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Remittance from US, EU rises, drops from Middle East

  • Staff Correspondent
  • 22 November, 2021 12:00 AM
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Remittance from US, EU rises, drops from Middle East

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Remittance inflow from Middle Eastern countries continues to drop over the last four months with remittance flow from the US and Europe rising during the period.

In the first four months (July-October) of the current FY 2021-22, Bangladeshi expatriates sent home a total of around $7.05 billion in remittance.

Of the total amount, 54.42 per cent or $3.84 billion came from Middle Eastern countries with the rest 45.56 per cent or $3.21 billion coming from the US and Europe.

According to the Ministry of Expatriates’ Welfare and Overseas Employment data, 12 million Bangladeshis are currently living and working in different countries.

Middle East has long been the largest labour market for Bangladeshi expatriates. Data show that remittance from these Gulf countries has declined between July and October this year. 

In the first four months of the current fiscal year, remittances from the Middle East stood at $1.04 billion in July, $1.01 billion in August, $919 million in September and $862 million in October.

According to a report by the central bank, the lion’s share of the country’s remittances comes from 10 countries including Saudi Arabia, the United States, United Kingdom, Kuwait, United Arab Emirates, Qatar, Malaysia, Oman, Italy and Bahrain.

The highest 2.2 million Bangladeshi migrants work in Saudi Arabia.  According to the data, most remittances have come from Saudi Arabia in the last four months. Bangladeshi expatriates Saudi Arabia have sent $1.70 billion, which is 24 per cent of the total remittances drawn, in the last four months.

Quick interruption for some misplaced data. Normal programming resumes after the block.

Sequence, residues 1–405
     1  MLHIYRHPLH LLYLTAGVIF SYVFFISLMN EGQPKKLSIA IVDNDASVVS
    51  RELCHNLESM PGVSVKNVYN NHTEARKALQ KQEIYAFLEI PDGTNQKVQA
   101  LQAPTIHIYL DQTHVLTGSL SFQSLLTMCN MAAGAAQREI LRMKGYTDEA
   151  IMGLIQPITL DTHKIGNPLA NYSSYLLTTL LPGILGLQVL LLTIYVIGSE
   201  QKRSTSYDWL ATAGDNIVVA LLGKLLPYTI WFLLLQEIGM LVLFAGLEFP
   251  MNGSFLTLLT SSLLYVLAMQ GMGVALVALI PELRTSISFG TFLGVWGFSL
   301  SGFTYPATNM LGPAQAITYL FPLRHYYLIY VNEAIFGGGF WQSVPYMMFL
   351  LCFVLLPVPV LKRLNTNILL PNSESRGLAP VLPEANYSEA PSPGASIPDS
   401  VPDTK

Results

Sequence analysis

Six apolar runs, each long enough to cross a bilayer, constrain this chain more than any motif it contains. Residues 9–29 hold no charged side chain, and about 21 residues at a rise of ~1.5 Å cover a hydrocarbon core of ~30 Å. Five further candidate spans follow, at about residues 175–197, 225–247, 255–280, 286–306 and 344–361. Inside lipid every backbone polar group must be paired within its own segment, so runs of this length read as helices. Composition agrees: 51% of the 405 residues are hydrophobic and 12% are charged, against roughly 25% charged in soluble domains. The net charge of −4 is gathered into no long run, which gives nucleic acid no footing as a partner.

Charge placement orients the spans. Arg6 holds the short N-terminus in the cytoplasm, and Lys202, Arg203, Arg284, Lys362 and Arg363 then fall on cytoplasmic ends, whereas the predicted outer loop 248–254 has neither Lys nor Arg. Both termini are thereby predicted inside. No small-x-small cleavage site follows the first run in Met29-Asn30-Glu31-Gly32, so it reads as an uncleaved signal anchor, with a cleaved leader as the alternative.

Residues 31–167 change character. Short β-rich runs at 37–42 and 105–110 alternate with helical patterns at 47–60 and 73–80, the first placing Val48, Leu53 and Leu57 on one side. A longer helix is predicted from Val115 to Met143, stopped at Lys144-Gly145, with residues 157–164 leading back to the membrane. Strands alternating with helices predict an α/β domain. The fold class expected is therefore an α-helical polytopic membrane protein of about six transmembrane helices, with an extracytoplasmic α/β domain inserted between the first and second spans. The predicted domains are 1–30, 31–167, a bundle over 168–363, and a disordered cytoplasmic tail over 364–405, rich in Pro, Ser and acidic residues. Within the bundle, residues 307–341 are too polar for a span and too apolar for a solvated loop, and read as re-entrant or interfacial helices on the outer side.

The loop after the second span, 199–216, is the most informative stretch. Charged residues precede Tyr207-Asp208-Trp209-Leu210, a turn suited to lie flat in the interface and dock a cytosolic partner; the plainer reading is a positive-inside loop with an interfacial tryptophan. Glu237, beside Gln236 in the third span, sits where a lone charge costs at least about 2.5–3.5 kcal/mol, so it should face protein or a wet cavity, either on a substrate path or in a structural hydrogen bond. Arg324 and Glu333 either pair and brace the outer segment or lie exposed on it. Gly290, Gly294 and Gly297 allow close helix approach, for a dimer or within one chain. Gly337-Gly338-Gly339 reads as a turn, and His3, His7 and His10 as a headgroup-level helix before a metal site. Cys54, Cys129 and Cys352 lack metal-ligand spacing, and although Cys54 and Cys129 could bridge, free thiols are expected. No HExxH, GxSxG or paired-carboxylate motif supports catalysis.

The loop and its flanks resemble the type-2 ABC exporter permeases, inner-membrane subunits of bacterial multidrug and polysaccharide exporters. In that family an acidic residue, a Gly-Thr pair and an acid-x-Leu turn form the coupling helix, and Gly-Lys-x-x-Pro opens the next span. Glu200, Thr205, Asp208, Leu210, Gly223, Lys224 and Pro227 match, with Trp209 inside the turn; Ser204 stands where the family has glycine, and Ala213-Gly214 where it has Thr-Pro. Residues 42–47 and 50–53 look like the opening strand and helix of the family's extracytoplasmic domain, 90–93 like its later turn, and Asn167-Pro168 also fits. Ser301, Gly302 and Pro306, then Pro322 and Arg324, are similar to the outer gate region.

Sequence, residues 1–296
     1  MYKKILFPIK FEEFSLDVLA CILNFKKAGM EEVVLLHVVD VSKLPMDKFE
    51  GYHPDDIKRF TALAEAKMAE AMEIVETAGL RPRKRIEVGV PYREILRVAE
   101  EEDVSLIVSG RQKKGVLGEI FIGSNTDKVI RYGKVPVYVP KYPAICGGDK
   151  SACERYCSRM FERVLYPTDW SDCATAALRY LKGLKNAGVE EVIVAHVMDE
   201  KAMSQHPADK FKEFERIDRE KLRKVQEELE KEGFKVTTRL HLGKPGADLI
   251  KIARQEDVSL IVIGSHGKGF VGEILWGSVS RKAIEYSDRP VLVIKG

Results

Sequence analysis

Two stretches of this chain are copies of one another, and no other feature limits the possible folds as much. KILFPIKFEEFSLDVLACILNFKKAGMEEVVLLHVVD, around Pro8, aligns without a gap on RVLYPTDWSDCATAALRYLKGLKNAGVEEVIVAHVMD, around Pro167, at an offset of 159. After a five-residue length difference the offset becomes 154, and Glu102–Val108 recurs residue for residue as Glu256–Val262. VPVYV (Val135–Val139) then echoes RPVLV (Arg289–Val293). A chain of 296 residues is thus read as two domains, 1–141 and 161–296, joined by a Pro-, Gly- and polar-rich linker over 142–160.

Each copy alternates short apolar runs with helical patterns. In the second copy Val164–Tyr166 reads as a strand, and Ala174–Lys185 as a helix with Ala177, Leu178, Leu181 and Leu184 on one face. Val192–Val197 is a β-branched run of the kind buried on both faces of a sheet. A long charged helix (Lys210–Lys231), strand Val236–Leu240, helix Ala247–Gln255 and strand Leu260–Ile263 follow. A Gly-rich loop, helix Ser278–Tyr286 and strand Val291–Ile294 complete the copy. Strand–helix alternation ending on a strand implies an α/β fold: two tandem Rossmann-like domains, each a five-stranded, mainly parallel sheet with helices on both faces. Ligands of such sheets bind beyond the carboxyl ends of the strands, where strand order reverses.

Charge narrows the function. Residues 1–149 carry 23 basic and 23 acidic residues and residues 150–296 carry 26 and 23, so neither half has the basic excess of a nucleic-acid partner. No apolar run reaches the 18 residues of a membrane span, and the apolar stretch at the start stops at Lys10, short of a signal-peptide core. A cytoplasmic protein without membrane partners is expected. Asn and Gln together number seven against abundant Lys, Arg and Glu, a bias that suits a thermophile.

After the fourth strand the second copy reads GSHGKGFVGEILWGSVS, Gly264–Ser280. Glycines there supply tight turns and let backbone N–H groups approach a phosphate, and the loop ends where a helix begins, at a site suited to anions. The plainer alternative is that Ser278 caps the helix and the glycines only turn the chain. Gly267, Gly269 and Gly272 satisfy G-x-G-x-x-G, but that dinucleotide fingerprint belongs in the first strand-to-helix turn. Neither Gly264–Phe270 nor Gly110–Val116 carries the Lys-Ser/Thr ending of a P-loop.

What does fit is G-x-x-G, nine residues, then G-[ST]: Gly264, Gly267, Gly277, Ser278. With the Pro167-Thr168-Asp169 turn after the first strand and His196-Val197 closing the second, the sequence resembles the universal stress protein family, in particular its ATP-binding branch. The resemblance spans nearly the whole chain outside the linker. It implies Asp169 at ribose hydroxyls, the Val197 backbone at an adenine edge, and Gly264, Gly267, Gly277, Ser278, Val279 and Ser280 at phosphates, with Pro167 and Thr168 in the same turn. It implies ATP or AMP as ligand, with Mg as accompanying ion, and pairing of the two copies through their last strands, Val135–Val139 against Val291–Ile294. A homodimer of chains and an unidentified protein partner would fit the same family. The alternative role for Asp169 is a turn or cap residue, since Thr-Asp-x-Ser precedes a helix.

Remittances from Saudi Arabia stood at $460 million in July, $430 million in August, $ 400 million in September and $390 million in October.

The United Arab Emirates (UAE) has been the second-largest remittance generator for Bangladesh after Saudi Arabia. However, the US became the second-largest remittance generator last fiscal year and maintained it this year as well amid the coronavirus pandemic.

Sector experts say that after the lifting of the pandemic ban, money transactions on illegal channels, i.e. hundi, have increased. In addition, there was less new recruitment compared to the rate of job loss of the expatriates.

Due to these reasons, the income of expatriates has decreased from Middle Eastern countries, they observed.

On the other hand, remitting money from the United States has become easier than ever before. In addition, incentives are being offered legally.

Besides, the expatriates are sending more money than before considering the plight of their relatives in the country caused by the pandemic.

In the first four months of the current fiscal year, expatriates from the US sent a total of $1.15 billion. Remittance inflow from the UAE dropped to $568 million.

The amount of remittances sent by UAE expatriates has dropped not only compared to the amount sent by the United States expatriates but also compared to the United Kingdom. During July-October, remittance from the United Kingdom reached $595 million.

During the period, Bangladeshi expatriates sent $573 million from Kuwait, $463 million from Qatar, $372 million from Malaysia, $356 million from Oman, $342 million from Italy and $176 million from Bahrain.